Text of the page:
Vietnam needs to balance the relation between labor salaries and production, which has been sluggish compared to the increasing rate of wages, according to the International Labor Organization (ILO).
VnEconomy on December 10 cited Guy Ryder, general director of the ILO, as saying Vietnamese workers are currently increasing productivity at a rate three times lower than their average wage is growing.
According to a recent report released by the organization, the average wage in Vietnam increased 26.8 percent year-on-year between 2007 and 2010, compared to the global rate of less than five percent over the same period. Last year, amid a poor economy, the growth of Vietnamese wages was estimated at 12.6 percent.
Consumer prices have risen around 47 percent since 2009, General Statistics Office data showed.
Another report conducted by Vietnam's Institute of Labor Science and Social Affairs and Manpower in nine cities revealed that the quality of Vietnamese labor is among the lowest in the region.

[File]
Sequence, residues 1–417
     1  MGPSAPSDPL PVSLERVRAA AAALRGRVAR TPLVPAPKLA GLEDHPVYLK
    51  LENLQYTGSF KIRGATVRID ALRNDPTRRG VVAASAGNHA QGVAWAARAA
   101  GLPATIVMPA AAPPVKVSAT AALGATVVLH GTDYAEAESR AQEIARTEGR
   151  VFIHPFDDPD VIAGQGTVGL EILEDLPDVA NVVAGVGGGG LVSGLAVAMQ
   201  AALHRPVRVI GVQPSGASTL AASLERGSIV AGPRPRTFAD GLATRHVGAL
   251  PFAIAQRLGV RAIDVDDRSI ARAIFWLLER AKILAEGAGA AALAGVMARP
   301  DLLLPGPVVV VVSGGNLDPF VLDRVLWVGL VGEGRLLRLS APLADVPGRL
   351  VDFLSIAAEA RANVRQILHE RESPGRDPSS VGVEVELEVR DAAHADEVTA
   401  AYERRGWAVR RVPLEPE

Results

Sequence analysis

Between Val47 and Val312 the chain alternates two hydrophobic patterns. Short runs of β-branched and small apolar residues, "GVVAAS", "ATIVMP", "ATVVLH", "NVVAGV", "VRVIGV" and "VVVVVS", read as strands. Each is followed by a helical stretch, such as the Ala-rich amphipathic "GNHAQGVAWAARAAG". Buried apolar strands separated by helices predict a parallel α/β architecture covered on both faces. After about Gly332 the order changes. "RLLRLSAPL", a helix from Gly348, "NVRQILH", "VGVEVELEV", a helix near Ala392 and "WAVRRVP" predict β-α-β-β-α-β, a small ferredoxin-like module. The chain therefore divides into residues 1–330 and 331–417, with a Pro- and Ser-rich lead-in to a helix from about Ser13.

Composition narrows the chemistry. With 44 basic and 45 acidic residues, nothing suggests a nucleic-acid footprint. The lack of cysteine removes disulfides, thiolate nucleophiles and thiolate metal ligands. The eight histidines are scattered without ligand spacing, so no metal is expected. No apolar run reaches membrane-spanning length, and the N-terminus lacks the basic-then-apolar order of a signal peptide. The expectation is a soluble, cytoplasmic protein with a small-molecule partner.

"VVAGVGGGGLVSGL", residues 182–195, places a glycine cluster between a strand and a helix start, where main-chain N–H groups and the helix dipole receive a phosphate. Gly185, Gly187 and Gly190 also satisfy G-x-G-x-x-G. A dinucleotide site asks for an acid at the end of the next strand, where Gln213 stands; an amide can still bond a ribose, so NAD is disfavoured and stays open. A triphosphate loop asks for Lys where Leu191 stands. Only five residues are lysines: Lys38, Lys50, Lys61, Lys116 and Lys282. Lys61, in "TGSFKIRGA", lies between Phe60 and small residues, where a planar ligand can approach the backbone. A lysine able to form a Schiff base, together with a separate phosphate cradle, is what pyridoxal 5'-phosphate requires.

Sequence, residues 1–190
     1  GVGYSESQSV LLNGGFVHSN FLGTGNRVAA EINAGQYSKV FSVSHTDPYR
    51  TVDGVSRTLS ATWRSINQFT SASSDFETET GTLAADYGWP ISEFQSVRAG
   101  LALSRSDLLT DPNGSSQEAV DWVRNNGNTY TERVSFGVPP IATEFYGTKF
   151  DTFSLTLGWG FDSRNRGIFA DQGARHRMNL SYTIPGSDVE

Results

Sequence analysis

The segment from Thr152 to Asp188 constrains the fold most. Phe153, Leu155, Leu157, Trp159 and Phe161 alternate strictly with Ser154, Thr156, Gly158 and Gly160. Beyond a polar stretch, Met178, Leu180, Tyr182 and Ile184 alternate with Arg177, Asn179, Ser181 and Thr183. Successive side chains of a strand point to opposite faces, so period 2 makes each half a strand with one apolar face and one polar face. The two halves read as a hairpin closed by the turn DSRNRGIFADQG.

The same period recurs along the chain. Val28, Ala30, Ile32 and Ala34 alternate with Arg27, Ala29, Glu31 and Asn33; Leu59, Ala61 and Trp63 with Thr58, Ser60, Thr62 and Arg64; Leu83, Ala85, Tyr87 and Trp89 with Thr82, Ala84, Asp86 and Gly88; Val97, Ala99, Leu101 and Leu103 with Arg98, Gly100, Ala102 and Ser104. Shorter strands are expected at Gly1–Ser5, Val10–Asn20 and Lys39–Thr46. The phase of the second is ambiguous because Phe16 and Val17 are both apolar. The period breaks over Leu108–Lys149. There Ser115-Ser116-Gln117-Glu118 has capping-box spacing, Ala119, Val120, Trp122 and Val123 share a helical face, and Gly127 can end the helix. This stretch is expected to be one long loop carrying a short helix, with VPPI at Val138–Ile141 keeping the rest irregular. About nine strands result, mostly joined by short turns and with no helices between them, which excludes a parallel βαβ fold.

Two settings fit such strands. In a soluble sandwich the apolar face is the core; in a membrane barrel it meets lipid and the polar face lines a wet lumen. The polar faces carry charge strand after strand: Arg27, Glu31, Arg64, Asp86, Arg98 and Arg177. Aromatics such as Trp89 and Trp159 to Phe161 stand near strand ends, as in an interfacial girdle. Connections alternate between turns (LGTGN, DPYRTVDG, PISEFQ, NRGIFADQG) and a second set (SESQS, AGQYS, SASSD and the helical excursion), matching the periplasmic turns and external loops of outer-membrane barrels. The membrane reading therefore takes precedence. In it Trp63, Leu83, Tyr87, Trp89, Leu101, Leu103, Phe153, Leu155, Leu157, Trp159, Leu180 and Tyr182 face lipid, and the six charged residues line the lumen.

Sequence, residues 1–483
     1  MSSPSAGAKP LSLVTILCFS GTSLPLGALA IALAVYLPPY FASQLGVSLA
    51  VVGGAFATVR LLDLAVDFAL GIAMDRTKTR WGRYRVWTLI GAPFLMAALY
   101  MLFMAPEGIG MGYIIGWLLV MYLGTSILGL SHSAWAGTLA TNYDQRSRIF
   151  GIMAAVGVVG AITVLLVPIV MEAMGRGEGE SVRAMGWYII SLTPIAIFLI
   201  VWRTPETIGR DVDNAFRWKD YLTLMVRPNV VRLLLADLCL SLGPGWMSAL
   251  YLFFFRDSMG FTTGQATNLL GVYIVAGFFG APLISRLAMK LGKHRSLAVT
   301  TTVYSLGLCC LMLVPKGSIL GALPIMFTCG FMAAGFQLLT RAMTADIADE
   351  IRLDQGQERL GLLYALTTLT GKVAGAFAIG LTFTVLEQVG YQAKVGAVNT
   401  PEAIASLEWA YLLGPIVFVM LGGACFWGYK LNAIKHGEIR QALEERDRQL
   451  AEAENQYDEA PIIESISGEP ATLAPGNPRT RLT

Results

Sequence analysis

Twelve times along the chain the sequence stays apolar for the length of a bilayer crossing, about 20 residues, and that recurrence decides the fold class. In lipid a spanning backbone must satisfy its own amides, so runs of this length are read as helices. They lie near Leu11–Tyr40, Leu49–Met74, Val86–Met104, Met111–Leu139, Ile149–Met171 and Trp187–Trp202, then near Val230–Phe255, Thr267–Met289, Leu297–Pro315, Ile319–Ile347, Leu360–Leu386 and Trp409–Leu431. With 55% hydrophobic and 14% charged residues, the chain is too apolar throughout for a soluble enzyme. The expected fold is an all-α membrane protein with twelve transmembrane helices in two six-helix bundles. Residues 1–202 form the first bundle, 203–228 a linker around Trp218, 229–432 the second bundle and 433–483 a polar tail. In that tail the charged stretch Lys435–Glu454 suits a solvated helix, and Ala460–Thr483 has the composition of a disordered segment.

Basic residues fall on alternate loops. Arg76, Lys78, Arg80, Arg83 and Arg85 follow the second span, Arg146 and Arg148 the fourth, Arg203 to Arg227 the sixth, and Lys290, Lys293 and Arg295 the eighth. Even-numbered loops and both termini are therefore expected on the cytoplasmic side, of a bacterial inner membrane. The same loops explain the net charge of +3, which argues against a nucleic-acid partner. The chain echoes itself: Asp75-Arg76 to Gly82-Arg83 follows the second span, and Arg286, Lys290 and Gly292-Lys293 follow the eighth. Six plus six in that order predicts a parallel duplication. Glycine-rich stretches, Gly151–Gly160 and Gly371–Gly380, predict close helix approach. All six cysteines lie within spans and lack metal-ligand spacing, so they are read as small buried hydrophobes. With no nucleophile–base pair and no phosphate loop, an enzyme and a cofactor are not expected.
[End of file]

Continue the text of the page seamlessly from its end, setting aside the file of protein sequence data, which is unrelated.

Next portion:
One third of 6,000 companies surveyed could not find workers who satisfied their requirements while one fifth of them said their employees were deficient in terms of implementing new technology.
Salaries in Vietnam last year ranged from US$2,300-2,680 per month, The Voice of Vietnam reported early this year, citing statistics from the Department of Labor, War Invalids and Social Affairs.
Yoon Youngmo, an official of ILO Vietnam, said the country needs a more effective formula to determine salaries so that the average wage growth will be in line with the growth of productivity.
With the current speed salaries are increasing in Vietnam, the country's minimum wage becomes an obsolete basis by which to determine wages, he said.
The minimum monthly salary is set at $50 and is scheduled to increase by ten percent in July 2013.
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